New research reveals nicotine addiction and vaping quit attempts are on the rise among young adults
By Cancer Council NSW
A new report released from the Generation Vape study that examines the vaping status and behaviours among Australian’s aged 18-24, has found young people are increasingly reporting being addicted to vaping. Young adult attempts to quit vaping are also at an all-time high and there is a significant increase in vape use to relieve stress and anxiety.
Alecia Brooks, Cancer Council’s Tobacco Issues Committee Chair said, “while there is high knowledge among young people that vaping and nicotine are addictive, there is a very poor understanding of how addiction occurs, what the signs of addiction entail, or how challenging it might be to quit”.
The report shows that addiction can occur unexpectedly and unintentionally, with vaping starting out as a social activity, and developing into a daily activity.
The most common times when young adults vape continues to be when out socialising (60.1%), followed by when feeling stressed or anxious (25.9%), when at a friend’s house (22.8%) and when seeing someone else do it (19.2%).
“Vaping when stressed or anxious has significantly increased, with over a quarter of participants vaping to relieve stress. This raises serious alarm bells as it is a strong indicator of addiction” said Associate Professor Becky Freeman, University of Sydney, Chief Investigator of the Generation Vape project.
A 23-year-old participant of the study described her experience, “there has been times where I’m like maybe having a panic attack or something, and that nicotine release like running through my body makes me feel calm again, I guess the absence of the craving makes me feel calm, I suppose”.
“We know that nicotine is highly addictive and mood altering. While many tobacco and vape users report nicotine relieves stress, anxiety, and depression, sadly the signs of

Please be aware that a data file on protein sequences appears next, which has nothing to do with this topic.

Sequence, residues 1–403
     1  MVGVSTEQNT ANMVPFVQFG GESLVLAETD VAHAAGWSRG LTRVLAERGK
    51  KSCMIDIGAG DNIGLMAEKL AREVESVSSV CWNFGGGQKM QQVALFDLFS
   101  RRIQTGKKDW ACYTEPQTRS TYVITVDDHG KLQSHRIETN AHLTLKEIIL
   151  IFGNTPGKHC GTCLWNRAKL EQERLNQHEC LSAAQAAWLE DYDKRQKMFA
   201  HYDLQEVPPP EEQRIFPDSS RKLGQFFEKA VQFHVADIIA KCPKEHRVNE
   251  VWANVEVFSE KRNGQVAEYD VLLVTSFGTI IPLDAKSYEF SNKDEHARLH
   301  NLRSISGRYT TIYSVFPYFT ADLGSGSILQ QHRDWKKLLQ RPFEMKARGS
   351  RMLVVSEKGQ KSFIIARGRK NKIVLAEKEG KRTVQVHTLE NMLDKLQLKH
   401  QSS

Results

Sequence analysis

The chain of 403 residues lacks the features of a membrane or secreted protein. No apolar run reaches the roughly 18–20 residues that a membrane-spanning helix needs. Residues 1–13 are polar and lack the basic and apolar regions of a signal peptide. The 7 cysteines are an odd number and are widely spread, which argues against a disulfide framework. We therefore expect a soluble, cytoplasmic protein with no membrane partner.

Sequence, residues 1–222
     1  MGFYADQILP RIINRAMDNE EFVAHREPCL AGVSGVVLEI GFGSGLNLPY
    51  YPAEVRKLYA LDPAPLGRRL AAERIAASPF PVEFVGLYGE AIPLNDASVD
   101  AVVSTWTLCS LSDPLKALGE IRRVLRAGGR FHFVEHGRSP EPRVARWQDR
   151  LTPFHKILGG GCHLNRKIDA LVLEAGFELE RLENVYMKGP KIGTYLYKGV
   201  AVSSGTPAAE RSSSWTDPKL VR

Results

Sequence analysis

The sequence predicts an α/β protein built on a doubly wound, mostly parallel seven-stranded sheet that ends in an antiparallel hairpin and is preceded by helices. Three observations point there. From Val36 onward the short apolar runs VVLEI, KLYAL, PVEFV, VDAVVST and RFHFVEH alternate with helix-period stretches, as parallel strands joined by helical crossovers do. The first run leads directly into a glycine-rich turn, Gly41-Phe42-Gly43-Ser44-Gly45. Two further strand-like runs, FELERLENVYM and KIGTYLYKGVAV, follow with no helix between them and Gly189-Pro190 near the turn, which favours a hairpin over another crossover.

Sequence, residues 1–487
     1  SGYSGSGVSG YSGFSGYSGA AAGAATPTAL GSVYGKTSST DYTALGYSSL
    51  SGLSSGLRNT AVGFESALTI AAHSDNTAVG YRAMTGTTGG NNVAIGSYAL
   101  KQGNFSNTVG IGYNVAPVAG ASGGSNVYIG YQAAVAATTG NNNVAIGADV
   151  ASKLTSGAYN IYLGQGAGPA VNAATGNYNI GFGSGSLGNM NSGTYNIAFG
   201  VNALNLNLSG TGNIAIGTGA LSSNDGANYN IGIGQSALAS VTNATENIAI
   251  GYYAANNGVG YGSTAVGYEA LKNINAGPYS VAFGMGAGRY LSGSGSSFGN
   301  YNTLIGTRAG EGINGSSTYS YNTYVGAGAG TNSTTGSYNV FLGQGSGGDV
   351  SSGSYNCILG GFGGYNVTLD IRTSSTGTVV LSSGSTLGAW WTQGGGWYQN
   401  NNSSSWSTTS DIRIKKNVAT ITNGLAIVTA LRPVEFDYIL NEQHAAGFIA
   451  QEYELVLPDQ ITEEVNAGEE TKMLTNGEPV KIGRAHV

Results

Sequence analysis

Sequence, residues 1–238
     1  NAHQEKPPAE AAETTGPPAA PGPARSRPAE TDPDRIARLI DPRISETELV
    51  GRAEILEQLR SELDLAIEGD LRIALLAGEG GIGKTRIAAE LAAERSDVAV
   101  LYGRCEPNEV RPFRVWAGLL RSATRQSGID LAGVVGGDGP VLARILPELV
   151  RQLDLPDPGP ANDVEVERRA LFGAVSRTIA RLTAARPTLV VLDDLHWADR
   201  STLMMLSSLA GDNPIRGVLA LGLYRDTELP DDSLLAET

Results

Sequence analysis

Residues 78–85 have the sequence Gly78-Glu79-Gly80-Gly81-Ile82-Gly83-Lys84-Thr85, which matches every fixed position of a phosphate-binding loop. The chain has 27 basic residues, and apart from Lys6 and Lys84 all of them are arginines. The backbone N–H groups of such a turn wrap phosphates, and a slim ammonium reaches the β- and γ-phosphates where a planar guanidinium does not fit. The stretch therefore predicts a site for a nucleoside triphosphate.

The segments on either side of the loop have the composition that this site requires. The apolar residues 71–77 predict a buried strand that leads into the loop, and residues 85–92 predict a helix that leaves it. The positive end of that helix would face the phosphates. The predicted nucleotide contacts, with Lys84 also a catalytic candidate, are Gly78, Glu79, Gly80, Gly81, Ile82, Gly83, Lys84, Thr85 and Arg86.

nicotine withdrawal include anxiety, irritability, restlessness and cravings. It can become a cycle of dependence that’s difficult to break” A/Prof Freeman added.
At an all time high, the study found that almost one third of vapers have tried to quit in the past but have been unsuccessful. Regarding future quitting intentions, over 40% of current vapers reported planning to quit in the next 30 days to 6 months.
“I couldn’t really think that much about what I like about vaping, it’s just the absence of nicotine withdrawal that I like staying away from. That’s why I continue to vape, because I don’t like going through that itch phase, it’s not comfortable” another participant quoted.
Experiences of negative health effects including addiction are continuing to increase among young adults, with intentions and attempts to quit at an all-time high, and a continued increase in vaping to relieve anxiety or stress.
“We applaud the Federal Government for the ongoing implementation of measures to tackle the issue of vaping and smoking, including stopping the import and sale of vapes outside the pharmacy model, public health campaigns and quit support programs. Our study continues to highlight the importance of comprehensive policy action and quit support to protect our younger generations, the window of opportunity is now.” Ms Brooks concludes.